Somewhere on the worldwide prairie of Internet I encountered an interesting math question about the derivative of . Reading such questions, taking into consideration the place I found them and the way they’re formulated, I sometimes suspect juveniles trying to troll people with seemingly difficult questions, just to see them jumping through hoops answering them.
But then again, it could all be serious. And it can be fun to look for a concise answer. Here I don’t have to be concise, because this is my blog and I can do what I want. Tough luck, young man.
But it’s not that difficult.
We all know the power rule, where the derivative of morphs into . If you’re familiar with
– the derivative of (that’s );
– the derivative of , (which is );
– the chain rule ;
– the product rule ;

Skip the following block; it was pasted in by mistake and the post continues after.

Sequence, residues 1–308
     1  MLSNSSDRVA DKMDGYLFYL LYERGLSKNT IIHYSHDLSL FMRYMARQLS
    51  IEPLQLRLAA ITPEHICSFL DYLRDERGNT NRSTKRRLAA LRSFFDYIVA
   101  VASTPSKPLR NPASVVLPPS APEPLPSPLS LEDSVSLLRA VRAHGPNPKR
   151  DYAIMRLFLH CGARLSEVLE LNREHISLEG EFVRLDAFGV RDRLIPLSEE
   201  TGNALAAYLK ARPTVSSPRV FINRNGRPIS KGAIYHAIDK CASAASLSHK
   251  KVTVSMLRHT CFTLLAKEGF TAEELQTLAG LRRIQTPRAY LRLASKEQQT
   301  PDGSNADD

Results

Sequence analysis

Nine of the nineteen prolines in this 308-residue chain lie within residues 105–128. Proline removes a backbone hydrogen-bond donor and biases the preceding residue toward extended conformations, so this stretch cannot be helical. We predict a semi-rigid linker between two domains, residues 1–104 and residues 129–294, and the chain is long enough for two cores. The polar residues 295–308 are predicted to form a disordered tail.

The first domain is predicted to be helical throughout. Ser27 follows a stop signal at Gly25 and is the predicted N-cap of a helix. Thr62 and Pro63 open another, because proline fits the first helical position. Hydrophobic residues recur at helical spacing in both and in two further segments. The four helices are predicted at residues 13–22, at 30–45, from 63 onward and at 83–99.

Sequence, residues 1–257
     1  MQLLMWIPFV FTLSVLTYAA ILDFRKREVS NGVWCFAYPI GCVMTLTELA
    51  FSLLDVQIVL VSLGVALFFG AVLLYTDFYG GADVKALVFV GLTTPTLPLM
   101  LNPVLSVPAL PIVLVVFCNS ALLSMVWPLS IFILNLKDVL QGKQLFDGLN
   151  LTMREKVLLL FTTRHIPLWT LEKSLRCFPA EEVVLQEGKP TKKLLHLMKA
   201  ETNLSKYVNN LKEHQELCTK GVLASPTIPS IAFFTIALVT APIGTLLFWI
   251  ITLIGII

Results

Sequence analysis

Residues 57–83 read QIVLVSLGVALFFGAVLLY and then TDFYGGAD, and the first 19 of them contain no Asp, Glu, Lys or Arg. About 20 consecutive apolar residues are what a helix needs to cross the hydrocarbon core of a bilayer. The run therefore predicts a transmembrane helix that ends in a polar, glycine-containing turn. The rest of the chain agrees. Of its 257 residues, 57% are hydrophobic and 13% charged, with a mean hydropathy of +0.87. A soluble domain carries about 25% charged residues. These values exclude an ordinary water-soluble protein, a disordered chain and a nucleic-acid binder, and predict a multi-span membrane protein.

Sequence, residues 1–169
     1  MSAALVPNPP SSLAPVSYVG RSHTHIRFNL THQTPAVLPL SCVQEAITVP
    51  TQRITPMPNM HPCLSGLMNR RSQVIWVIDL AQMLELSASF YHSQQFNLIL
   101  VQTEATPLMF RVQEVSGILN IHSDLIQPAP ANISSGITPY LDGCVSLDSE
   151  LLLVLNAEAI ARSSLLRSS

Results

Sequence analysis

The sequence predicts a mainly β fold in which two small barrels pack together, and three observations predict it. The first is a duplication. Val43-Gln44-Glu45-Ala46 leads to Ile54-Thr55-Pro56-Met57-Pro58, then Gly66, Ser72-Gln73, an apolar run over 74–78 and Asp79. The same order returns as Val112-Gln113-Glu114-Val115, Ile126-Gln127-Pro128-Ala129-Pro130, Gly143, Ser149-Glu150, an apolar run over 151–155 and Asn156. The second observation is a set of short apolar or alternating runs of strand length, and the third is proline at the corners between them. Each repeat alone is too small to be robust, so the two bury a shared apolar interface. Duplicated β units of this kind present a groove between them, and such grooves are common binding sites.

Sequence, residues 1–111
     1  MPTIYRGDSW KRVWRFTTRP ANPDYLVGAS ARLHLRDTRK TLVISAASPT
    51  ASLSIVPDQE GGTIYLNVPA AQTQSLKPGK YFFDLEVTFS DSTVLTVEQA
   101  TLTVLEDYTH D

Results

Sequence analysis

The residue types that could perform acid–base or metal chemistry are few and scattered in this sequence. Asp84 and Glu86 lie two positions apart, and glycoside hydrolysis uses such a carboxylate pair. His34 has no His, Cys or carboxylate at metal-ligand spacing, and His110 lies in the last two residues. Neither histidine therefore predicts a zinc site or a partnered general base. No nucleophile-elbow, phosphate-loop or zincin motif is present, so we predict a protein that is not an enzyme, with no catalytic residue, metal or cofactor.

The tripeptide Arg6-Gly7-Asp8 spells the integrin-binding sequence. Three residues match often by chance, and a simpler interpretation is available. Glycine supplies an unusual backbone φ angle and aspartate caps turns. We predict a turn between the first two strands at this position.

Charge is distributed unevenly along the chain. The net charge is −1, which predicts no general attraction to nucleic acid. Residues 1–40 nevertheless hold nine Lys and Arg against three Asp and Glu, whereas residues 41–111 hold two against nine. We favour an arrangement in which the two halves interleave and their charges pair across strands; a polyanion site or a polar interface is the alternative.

complemented with a few basic logarithm rules, then you’re all set for a simple solution.
In math it’s customary to write things very complicated to prove things. Like multiplication by one, in which you find some weird formulation in both the numerator and the denominator. You could call it multiplication by a very complicated version of one. Or we divide by such a construction, alternatively add (or more) and simultaneously subtract the same amount.
This is a variation on that theme: we write as
That’s a good start. From the log rules we know that we can write this as
Now we can apply the chain rule, taking the derivative of the containing function times the derivative of the function contained, so
which of course is
So far, so good. But now for the next step. Let’s assume we have two functions and which we will write as and . So both are functions of .
Now we look at . We’ll make it complicated by writing again
We need to take the derivative of times the derivative of , which of course requires us to use both the product rule and the chain rule for as well, as is a function of . Here we go:
So we end up with
as the general formula.
Put in for both and and you’re good to go.
Was it trolling? The bait was delicious.